His Honour noted:

I cannot see any justification for pretending that these events did not occur. It could hardly be suggested that upon the withdrawal of the winding up application in these proceedings, the Court would order that its file be destroyed, or take steps to prevent a member of the public who attended the hearings from publishing the fact that the proceedings had been brought.

And if the investors or customers are “spooked” by the truthful revelation that a winding application was made, and later withdrawn, that is not the Court’s concern.


Numerous authorities were cited in the proceedings. For example, Re Voxson Sales Pty Ltd [1989] 1 Qd R 711, in which Ambrose J stated that once an application to wind up has been made, that fact cannot be “hidden” from public gaze merely because upon the hearing of the application it is shown that the application ought never to have been made.

His Honour Justice Parker distinguished the approach stated by Finkelstein J in OneSteel Reinforcing Pty Ltd v Westpoint Constructions Pty Ltd (2005) 23 ACLC 1384 as being too wide.  In that decision, Finkelstein J was satisfied that the ASIC register should be rectified following a scenario that but for a statutory demand coming to the attention of the debtor, a dispute would have never arisen.

His Honour Justice Parker also averred to Miltonbrook Pty Ltd v Westbury Holdings Kiama Pty Ltd (2008) 71 NSWLR 262.  He observed that in none of the authorities which post-date Miltonbrook has an order been made for the removal of reference to a winding up application.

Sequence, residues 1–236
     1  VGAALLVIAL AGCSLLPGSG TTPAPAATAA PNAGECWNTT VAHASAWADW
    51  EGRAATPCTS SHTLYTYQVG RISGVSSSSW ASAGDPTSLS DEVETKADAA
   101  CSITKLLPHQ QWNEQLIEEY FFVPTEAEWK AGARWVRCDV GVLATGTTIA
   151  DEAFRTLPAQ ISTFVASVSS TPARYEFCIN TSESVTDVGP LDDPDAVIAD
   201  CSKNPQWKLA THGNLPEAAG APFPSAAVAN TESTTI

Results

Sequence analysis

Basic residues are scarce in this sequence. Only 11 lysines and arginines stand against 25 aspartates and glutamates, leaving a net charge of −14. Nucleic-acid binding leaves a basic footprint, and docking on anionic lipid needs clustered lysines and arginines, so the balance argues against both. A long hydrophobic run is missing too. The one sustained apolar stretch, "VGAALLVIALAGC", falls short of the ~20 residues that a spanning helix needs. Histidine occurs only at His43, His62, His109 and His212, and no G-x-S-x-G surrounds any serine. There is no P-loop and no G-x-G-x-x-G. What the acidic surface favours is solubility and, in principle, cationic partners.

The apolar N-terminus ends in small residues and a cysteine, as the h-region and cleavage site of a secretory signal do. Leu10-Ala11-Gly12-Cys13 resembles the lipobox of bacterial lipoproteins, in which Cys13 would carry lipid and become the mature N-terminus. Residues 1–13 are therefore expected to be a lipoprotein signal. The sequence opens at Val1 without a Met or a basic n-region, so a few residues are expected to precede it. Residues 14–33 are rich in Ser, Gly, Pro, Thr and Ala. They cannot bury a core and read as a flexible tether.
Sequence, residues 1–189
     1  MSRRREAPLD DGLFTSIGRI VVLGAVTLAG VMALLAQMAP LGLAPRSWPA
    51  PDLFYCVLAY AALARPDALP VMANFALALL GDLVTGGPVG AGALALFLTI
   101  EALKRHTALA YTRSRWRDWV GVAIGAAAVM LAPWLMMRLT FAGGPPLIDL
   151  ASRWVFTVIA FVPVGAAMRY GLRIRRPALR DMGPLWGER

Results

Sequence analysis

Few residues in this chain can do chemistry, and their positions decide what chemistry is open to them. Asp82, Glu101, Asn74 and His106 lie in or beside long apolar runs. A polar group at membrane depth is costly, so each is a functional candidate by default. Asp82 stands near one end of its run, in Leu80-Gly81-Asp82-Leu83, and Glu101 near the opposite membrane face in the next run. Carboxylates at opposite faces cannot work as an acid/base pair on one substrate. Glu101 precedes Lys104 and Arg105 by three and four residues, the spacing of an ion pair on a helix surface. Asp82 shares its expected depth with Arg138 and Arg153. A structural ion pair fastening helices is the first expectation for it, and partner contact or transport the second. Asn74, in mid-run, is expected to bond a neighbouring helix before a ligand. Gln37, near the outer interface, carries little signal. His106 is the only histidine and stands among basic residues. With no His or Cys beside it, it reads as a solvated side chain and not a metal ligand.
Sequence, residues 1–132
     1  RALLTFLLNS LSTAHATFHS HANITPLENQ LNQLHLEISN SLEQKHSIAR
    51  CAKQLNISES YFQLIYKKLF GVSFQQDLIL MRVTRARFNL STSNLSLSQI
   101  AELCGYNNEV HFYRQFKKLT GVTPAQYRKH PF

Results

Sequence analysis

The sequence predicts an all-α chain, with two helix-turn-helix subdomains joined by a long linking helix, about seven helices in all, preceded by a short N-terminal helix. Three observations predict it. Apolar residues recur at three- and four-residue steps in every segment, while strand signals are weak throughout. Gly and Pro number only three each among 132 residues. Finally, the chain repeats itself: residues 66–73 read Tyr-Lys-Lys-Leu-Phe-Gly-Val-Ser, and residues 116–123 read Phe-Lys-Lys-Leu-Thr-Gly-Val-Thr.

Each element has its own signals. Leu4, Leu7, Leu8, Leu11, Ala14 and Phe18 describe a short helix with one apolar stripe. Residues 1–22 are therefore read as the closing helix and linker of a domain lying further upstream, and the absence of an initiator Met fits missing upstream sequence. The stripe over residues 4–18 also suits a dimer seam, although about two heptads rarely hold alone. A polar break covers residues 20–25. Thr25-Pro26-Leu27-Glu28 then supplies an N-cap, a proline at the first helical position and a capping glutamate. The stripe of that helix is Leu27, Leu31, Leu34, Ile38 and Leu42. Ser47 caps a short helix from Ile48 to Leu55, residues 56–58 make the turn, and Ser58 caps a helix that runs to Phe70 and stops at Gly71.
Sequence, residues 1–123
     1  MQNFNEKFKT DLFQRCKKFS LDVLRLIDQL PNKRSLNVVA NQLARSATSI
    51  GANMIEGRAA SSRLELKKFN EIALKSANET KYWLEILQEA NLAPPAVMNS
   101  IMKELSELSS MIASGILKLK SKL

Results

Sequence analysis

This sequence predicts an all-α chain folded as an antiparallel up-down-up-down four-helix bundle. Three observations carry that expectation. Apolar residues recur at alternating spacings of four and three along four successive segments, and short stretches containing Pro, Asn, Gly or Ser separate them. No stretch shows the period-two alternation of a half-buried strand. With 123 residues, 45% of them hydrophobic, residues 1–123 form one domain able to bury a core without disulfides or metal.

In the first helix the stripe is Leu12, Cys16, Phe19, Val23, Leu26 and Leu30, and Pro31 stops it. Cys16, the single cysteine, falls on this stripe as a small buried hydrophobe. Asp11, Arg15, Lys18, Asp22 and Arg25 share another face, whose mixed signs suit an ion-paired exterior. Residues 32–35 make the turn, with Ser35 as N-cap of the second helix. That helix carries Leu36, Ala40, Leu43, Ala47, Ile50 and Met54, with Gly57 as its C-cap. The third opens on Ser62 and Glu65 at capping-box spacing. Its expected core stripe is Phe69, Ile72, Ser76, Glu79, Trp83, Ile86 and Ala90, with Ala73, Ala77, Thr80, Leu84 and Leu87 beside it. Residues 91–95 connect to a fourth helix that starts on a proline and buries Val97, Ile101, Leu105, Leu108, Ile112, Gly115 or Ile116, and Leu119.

A distinction is made to cases where orders have been made that concern transactions notified to ASIC which the Court later concluded were invalid, or notifications which were erroneous, in the sense that they did not accurately reflect the actual transaction.

For example, the Court has power to order ASIC to alter or remove particulars of a winding up application recorded by it against a company where no valid application has been made or the particulars recorded are in some other way inaccurate.

But, importantly, it is a different thing to exercise the Court’s power so as to remove reference to a winding up application which has been validly made.

Take out

The judgment serves as a clarification of the scope of the Court’s power under section 1322(4)(b) and the circumstances where that power can be validly exercised. It is not a power that can be used where an entity wants to protect its reputation merely as a result of winding up proceedings coming to an end. The ability to validly invoke the Court’s power is dependent on there being something invalid or erroneous on the public record which does not accurately reflect the actual transaction.

As such, section 1322(4)(b) cannot be used as a quick fix solution to corporate reputation in consequence of winding up proceedings. To do so is contrary to the intention of Parliament.


A link to the judgment is here.